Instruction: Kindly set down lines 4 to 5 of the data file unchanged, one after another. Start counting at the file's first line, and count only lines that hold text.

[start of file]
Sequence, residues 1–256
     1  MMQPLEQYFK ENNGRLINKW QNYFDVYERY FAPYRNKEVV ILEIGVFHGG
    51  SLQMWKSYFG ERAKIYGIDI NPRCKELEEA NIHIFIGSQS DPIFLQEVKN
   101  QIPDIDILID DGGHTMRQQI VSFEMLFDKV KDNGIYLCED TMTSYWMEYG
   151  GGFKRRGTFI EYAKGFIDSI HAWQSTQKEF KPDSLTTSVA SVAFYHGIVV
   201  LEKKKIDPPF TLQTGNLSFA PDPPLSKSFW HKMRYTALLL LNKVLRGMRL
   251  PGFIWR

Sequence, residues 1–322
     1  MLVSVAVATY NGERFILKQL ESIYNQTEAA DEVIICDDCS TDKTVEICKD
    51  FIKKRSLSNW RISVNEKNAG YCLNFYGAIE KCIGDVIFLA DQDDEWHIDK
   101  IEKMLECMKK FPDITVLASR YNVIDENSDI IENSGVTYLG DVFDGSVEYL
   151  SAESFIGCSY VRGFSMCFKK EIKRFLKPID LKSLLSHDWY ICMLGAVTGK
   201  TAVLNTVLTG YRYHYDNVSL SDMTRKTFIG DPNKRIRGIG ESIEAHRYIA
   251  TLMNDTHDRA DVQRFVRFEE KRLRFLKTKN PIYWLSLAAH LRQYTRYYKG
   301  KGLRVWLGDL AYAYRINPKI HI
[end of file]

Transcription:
   101  QIPDIDILID DGGHTMRQQI VSFEMLFDKV KDNGIYLCED TMTSYWMEYG
   151  GGFKRRGTFI EYAKGFIDSI HAWQSTQKEF KPDSLTTSVA SVAFYHGIVV